Jim Hamilton on the Removal of “Selah” from the NIV

Jim Hamilton
takes issue with the decision of the NIV translators to remove the word “Selah” from the book of Psalms. He argues:

For reasons textual, structural, intertextual, cultural, and theological the NIV 2011 should reverse itself on this point and put the word Selah back where it belongs: in the text.

Hamilton concludes:

When I read an ancient text from a different culture, I don’t want to look into a linguistic mirror. I would like for that text to feel a little foreign, to feel a little ancient. I don’t want it only telling me what I already know. This word Selah occurs over and over all across the Psalter and into Habakkuk 3. One of the challenges of reading and understanding the Bible is paying attention to all the things the Bible says that we don’t understand, studying those things, and trying to come to a place where we begin to learn what the biblical authors were talking about and how they talked about it.

At my church earlier this evening, I heard an expository message on the text of Psalm 59. During the sermon, I was struck by the fact that my English translation had structured the Psalm one way while the preacher understood the structure a different way. The preacher identified the units of the text based on the two occurrences of Selah. No one is really sure what Selah means, but I observed just tonight that it still figures in to the reader’s interpretation of the text.

I agree with Jim on this one and hope that future editions of the NIV will put it back in. Read the rest of Jim’s argument here.


  • Mike Aubrey

    fascinatingly enough…Rod Decker approved of the NIV2011 for precisely the same reason…but then…you wouldn’t want to report on that…you only like report on things that say negative things about the new NIV…funny how that works. It almost seems as if you’re just full of bile.

    • Walt

      To see the other side of this debate I would suggest reading the NIV review by Dr. Daniel Wallace, highly respected DTS Professor or Dr. Rod Decker’s excellent review. There is debate with the release of every new translation or revision. The NIV is not perfect but it is an acceptable translation. It is an interesting discussion among conservative Bible scholars.

    • Ryan

      He didn’t seem particularly angry in his post to me (hmm, forgive me if you were referring to the stomach goop, – it’s a good read, tbh). But yes, I doubt that the NIV2011 putting Selah back in will increase the chances of him using it. ; )

      That said, I typically read from an ESV (other times HCSB and sometimes NLT) and just skip over the word. If someone’s reading it aloud I usually end up wondering if they practiced several different pronunciations before deciding on the one they used.

      • Ryan

        Hmm, and in case anyone else is wondering, bile is actually a basic alkaline fluid, not acidic. That’s what led me to Wikipedia, but I ultimately found the answer at other sources.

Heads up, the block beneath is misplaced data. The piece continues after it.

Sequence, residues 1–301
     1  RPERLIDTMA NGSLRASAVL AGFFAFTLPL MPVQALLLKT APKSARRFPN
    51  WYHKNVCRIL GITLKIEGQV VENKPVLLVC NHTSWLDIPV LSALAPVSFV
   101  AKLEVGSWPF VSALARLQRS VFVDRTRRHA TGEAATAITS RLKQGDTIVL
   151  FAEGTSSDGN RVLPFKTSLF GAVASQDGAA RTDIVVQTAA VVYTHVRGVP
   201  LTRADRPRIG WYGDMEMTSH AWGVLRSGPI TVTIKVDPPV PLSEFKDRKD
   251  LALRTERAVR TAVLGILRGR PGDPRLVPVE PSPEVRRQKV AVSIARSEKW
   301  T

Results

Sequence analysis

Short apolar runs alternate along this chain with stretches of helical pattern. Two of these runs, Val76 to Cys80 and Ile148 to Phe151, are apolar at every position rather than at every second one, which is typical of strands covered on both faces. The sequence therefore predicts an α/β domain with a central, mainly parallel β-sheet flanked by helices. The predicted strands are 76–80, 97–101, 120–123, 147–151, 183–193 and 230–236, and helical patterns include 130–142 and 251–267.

• Robert Slowley

    Mike – surely when one reads a certain blogger you start with the assumption that they’re going to post about things of interest to them, from people they’re interested in, rather than be a news source about anything going on?

    I don’t see what is ‘bileful’ about that. Does anyone else?

  • Annie Law

    Personally I don’t want anything taken out of the Bible. Whoever decides to take a word from the Bible should think again. I looked up the meaning of “selah”.

    Someone put this online. It is taken from The Etymological Dictionary of the Hebrew Language (Ernest Klein).

    Selah means to stop, think, contemplate, consider, ponder, meditate, regard what we have been learning.

    In the Psalms we read along and suddenly, there is the word, “selah”. It is at this point that we stop and contemplate what we have been learning.

    Understanding what the word selah means and how to use it makes all the difference! I now want to practice it! I say keep it in. Even if I didn’t know what the word meant, I still think nothing should be taken out of the Bible. I think I will now be using this word often while studying or teaching the Word of God.

    Thank you for writing this article. Now if only those who want to take it out of the Bible would look up its meaning, they would know better to not to. Didn’t God tell them not to be removing words from the Bible?


  • David

    Respectfully, Ms. Law, I think that your response might illustrate exactly why Dr. Decker thinks that leaving “Selah” out would make it a more faithful translation. Let me explain.

    Ideally, a translation should present to us the underlying text as clearly as possible. As much as possible, we’d like the Hebrew or Greek to be translated into common English, including structure, literary devices, etc. But any translation that an English speaker cannot understand isn’t a good translation.